It’s March 20, 2013, and MOM is back in the saddle, ready to rumble and share just a few of her favorite covers of the week.
One of the things that has helped the Saga covers stand out is the solid backgrounds surrounding the characters each month. Now, there are examples, like last month’s cover, which include some setting, but the sky is always removed in favor of a solid color. This decision has really helped the detailed and complex art of Fiona Staples to pop and helps the book stand out on comic store shelves.
This month there is the addition to the simplistic beauty of parts of objects in the foreground. The flowers are something you would see in a still-life painting and yet they glisten and shine. Having such a traditional looking scene also helps the horns to stand out, despite they’re mostly covered up by hands.
It’s the Shaolin Cowboy, riding a giant turtle. It doesn’t really get more epic than that.
Now, for those who are not familiar with Geof Darrow’s creation, the Shaolin Cowboy does not often ride atop a traditional steed. Also, this image is nothing new. First released back in 2011 to herald the return of The Shaolin Cowboy, it has become iconic and fitting for the anthology which is featuring an article that interviews the comic writer and artist.
So, perhaps choosing this cover might be considered cheating by some of you. How often do I actually stick to the rules on Cover Watch?
Paint streaked background, check.
High contrast silhouettes, check.
Cool and foreboding colors, check.
This cover does a lot while mistakenly looking simple. The silhouettes on the cover of this mini-series all represent literary characters. The tiny details put into these depictions, without using the face, is very ingenious.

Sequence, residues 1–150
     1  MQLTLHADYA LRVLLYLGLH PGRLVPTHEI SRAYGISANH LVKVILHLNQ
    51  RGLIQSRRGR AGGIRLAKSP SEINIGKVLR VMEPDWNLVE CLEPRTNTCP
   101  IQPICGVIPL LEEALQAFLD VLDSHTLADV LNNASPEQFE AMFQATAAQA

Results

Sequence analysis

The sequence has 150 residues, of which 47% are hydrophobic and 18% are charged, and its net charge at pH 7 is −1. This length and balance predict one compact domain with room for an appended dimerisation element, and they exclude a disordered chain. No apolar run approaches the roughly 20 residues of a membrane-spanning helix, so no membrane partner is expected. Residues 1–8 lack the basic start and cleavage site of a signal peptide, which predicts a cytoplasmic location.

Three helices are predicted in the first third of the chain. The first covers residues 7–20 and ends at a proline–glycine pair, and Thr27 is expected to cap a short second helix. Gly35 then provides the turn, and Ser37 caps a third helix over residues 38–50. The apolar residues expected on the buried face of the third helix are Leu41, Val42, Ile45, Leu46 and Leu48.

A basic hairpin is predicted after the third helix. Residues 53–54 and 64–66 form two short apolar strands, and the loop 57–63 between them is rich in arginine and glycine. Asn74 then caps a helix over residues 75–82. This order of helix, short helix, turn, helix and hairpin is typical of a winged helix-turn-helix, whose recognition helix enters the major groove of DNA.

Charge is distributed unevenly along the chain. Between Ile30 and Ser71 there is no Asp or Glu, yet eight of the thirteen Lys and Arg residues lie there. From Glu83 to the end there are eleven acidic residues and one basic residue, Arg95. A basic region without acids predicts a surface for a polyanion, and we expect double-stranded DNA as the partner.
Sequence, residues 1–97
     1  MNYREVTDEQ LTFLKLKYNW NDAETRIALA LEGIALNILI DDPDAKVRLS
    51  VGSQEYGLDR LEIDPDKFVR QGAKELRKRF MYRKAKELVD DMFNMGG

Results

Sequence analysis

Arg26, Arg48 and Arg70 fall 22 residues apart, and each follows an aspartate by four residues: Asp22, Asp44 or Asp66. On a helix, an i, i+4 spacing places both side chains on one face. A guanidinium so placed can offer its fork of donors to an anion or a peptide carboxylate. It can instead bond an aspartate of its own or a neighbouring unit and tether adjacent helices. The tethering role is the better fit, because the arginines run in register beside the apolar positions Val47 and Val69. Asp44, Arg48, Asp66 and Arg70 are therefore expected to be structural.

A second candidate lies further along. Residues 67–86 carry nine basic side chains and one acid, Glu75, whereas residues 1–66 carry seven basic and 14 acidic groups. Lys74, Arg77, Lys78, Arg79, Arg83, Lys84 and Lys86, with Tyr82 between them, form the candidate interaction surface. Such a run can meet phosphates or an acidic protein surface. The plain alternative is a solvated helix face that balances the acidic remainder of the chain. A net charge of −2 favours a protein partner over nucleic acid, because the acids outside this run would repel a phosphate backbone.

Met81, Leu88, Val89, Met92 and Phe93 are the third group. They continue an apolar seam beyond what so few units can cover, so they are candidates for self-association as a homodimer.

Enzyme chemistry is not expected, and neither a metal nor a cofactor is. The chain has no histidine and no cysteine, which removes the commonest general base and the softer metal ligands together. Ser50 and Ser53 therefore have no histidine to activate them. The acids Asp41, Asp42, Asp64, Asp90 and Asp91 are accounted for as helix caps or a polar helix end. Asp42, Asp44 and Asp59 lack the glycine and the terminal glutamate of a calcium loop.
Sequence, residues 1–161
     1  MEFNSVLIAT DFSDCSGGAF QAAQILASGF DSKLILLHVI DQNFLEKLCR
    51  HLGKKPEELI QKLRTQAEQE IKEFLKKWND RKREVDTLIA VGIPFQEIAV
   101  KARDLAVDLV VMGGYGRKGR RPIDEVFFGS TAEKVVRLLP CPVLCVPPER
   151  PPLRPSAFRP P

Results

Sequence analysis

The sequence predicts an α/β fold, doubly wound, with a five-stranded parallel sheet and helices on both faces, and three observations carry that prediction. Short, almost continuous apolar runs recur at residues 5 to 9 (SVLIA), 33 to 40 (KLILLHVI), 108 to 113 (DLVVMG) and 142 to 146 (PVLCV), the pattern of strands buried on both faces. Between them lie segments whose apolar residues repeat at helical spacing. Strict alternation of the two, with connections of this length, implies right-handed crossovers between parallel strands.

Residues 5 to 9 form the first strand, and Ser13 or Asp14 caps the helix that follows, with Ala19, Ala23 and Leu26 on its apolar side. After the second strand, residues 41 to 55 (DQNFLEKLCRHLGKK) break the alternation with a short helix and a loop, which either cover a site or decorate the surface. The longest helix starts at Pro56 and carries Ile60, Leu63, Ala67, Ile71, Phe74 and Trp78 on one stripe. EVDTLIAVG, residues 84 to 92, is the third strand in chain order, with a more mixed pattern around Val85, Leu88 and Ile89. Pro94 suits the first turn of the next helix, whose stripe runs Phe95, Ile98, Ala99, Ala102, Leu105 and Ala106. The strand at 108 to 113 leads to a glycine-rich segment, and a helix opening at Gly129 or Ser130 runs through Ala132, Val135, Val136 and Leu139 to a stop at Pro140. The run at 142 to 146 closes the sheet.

The white pain streaks very starkly above and around the protagonist, in blue conveys an ominous tone. Not all of these characters possessing Fabian Gray are heroes. It makes me hope that this provides a challenge to overcome in the story.
BIRDS OF PREY #18
Written by Christy Marx
Cover Art by Emanuela Lupacchino
Published by DC Comics
The Birds of Prey books have been featuring a lot of action shots on their covers lately. This month is no exception with a throwdown between The Birds and Mr. Freeze insinuated (I say insinuated because lately with DC the cover shows one thing while something completely different or opposite happens on the inside.). Despite this, March’s cover feels different, and a lot of that credit goes to Emanuela Lupacchino.
Batgirl is attacked in a rather traditional pose, however her body looks like she’s about to sidekick, and not go for an impossible B&A shot. Black Canary is giving her cry and Strix is going for the kill. If you recognize Lupacchino’s style, that’s because it has been popping up all over the DCU — from Ame-Comi Girls (Powergirl & Supergirl books,) to World’s Finest #12 and soon on Supergirl #20. Needless to say (but I’ll say it anyway), I think we’ll be seeing more of Lupacchino and that’s not a bad thing.
Muted shades that blend together are usually something to be avoided. When that is done it generally makes it hard to see details, provides little contrast to catch the eye or makes font stand out garishly once it’s placed on the cover. However, on this cover it works!
Somewhere caught between a superhero book and a pulp noir, JSA Liberty Files lends itself well to this dark and sinister feeling. If you were not aware, it’s more of the hero that is represented here than the villain (which is Nazi Germany.)
The horrific detailing on the skull along with all the characters whose lives are being changed by his involvement work well to metaphorically convey the tone of the book.
Something about sun-bleached blonde man, with a strong jaw and a quick hand that makes a cover sizzle. Juan Jose Ryp seems to have captured all that and a bag of chips with the first cover of this comic.The dead are rising from their graves just to get their hands on him. Sure, there are more manly and appealing things going on with this story for most readers. However, at least for one traditional cover, some of us get a little socially acceptable, fantasy eye-candy.